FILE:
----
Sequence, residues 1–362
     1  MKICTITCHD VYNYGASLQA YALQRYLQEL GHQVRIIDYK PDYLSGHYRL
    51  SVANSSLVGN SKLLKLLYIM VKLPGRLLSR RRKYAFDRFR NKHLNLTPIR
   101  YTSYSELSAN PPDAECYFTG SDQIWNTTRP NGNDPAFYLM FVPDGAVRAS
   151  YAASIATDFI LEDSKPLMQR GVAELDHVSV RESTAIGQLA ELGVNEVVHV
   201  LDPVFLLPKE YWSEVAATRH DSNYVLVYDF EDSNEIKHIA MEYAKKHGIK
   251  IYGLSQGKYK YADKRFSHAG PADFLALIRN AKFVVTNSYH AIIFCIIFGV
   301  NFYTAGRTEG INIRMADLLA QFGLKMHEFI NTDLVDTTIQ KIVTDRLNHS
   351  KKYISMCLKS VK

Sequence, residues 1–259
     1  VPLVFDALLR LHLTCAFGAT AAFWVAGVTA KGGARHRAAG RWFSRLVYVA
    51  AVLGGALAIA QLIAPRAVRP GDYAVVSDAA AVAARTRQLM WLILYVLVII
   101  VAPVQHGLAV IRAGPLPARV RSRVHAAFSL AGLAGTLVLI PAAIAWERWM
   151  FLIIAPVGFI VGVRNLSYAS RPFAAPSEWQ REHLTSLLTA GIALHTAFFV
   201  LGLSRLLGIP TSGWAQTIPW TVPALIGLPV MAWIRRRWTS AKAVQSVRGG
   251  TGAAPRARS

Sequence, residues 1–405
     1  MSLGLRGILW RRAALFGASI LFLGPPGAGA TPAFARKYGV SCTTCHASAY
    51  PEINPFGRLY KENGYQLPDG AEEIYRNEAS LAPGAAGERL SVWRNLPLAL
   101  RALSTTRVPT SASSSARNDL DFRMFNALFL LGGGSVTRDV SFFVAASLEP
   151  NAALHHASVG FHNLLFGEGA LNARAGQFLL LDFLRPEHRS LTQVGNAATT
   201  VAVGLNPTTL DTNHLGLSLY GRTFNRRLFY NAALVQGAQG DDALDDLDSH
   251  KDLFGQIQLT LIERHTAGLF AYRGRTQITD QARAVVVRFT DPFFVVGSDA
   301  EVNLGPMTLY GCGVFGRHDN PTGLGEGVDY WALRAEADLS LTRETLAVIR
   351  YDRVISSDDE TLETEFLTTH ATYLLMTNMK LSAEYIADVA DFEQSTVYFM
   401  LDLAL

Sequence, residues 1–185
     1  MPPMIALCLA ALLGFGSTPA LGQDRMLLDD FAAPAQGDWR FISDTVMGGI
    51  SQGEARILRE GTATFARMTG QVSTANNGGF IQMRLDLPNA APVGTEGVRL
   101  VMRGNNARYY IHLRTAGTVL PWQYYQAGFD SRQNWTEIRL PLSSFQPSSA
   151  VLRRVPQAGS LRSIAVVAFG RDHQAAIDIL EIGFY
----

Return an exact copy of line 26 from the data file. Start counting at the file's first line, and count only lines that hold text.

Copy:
   401  LDLAL